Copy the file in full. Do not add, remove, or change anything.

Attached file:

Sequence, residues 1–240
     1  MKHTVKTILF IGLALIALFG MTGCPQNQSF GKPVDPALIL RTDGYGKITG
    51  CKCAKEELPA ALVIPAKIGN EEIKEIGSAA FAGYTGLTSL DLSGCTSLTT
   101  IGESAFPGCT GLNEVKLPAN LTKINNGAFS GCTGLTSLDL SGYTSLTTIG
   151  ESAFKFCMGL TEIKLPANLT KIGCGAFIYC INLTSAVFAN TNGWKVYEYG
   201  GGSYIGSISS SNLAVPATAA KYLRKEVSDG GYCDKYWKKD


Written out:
Sequence, residues 1–240
     1  MKHTVKTILF IGLALIALFG MTGCPQNQSF GKPVDPALIL RTDGYGKITG
    51  CKCAKEELPA ALVIPAKIGN EEIKEIGSAA FAGYTGLTSL DLSGCTSLTT
   101  IGESAFPGCT GLNEVKLPAN LTKINNGAFS GCTGLTSLDL SGYTSLTTIG
   151  ESAFKFCMGL TEIKLPANLT KIGCGAFIYC INLTSAVFAN TNGWKVYEYG
   201  GGSYIGSISS SNLAVPATAA KYLRKEVSDG GYCDKYWKKD